Less than 12 million light-years away, the Supernova 2014J in the nearby galaxy M82, which exploded on January 14, 2014, was the closest "standard candle" supernova in 42 years.
An analysis of X-ray observations from the Japan-led Suzaku satellite has concluded that an exploding star observed in 1604 by the German astronomer Johannes Kepler held a greater fraction of heavy elements than the sun.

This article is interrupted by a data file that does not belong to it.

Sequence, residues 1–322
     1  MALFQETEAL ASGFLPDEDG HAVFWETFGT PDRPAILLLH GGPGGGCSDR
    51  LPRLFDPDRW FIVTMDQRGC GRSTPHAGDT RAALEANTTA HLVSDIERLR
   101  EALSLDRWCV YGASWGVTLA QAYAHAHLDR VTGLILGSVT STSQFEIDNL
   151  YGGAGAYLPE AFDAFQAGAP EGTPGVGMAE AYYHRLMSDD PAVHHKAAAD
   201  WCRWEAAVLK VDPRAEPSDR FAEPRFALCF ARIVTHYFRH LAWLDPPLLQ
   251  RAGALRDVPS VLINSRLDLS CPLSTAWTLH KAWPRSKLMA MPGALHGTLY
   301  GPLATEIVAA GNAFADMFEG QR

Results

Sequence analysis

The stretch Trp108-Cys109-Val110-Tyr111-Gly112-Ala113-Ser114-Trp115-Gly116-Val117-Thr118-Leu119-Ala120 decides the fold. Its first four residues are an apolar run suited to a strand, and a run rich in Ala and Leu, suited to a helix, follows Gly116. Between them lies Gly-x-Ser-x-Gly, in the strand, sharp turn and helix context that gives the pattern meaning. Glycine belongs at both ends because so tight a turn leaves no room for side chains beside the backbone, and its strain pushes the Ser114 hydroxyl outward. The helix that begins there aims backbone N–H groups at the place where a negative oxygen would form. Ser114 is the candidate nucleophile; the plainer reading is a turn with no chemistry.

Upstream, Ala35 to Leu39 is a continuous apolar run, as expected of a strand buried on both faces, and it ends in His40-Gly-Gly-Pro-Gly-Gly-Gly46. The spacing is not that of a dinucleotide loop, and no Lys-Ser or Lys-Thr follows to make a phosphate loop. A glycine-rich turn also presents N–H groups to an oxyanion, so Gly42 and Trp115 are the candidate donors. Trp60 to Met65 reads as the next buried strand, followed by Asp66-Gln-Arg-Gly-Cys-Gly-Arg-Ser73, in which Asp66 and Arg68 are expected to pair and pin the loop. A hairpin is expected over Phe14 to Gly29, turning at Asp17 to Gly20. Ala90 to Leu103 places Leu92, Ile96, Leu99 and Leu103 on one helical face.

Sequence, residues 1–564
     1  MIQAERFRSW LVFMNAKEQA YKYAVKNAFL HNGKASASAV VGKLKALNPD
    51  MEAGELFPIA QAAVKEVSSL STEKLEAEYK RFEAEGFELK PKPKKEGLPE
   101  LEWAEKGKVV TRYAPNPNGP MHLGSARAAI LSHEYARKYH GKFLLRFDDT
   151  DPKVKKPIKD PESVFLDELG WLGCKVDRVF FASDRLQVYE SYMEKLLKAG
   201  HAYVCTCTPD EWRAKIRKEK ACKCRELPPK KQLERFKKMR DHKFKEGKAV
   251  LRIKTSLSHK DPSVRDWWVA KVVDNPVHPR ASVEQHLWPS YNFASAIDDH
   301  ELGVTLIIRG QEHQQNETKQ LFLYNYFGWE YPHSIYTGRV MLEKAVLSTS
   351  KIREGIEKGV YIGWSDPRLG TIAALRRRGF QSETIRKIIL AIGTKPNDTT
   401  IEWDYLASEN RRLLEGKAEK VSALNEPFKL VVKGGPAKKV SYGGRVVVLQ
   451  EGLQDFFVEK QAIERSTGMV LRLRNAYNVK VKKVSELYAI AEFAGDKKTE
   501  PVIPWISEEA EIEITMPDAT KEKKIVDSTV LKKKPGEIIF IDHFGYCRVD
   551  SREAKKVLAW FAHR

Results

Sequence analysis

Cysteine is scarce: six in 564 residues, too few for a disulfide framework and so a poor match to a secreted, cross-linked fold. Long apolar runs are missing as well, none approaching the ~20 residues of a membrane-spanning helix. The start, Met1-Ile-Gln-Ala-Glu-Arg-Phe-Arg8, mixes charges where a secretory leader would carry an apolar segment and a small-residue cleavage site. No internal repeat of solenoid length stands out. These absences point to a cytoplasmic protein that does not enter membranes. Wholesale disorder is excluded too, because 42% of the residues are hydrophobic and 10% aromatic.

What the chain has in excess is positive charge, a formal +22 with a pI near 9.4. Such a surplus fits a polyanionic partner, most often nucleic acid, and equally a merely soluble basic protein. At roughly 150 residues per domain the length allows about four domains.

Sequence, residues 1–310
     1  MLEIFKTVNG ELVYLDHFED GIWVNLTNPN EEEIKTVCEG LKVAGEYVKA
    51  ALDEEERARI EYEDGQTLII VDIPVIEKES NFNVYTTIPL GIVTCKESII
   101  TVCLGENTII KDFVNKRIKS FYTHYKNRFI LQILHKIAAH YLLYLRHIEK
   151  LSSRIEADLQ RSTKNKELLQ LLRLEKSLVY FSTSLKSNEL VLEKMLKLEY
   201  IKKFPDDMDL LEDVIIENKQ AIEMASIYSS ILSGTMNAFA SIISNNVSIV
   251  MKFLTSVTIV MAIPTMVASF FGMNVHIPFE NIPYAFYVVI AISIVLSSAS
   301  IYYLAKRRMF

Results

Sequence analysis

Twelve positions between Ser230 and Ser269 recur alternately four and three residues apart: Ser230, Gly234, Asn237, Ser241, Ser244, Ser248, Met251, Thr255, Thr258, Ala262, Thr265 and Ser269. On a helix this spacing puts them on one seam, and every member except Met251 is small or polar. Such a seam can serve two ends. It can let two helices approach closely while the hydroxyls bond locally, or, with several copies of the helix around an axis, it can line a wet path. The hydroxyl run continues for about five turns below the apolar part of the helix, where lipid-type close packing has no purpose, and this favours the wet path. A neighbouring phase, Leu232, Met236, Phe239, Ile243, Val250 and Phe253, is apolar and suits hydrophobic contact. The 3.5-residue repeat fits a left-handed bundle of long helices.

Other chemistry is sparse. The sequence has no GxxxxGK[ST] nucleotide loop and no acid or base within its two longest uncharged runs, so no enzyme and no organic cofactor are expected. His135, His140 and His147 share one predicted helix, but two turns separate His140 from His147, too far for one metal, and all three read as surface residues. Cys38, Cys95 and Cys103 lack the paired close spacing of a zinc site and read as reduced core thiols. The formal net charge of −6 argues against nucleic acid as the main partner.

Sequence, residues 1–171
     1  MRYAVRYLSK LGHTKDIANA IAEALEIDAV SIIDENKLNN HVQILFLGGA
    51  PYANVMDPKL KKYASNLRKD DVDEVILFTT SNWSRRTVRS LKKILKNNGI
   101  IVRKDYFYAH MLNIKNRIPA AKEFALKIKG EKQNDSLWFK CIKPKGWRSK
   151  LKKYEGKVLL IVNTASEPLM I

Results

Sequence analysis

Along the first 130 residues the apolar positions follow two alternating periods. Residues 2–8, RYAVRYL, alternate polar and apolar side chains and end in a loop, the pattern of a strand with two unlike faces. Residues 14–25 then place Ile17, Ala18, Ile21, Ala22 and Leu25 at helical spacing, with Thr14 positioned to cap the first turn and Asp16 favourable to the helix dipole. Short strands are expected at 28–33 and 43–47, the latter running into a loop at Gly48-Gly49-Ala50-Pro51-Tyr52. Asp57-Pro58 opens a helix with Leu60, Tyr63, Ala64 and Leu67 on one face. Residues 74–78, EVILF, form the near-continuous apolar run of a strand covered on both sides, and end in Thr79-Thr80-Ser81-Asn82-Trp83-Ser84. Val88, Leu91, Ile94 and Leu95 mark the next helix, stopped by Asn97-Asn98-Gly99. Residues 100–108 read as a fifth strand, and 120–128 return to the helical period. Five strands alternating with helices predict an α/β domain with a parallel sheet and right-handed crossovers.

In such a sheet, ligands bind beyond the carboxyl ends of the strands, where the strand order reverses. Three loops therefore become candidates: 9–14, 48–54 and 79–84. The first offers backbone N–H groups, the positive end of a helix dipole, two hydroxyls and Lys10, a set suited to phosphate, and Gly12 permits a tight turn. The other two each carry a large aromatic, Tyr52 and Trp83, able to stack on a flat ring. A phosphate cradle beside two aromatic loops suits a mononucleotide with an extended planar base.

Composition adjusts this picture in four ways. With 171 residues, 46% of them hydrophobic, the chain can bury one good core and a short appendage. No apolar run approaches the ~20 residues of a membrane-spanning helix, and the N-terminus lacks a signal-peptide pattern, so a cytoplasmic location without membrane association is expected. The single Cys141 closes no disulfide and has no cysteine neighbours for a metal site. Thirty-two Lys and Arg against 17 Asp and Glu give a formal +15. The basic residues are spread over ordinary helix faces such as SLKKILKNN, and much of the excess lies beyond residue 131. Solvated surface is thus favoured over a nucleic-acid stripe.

A new study has shed light on the identity of the “parents” of one of the most important types of supernovae -- the Type Ia, those used as “standard candles” in cosmology studies.
Researchers have shed new light into the elusive origins of an important class of exploding star called Type Ia supernovae.
Scientists have unearthed the origin of an important type of exploding stars—Type Ia supernovae.
Day in Pics: 29th August
August 29, 2014
Famous Ganesh Pandals in Mumbai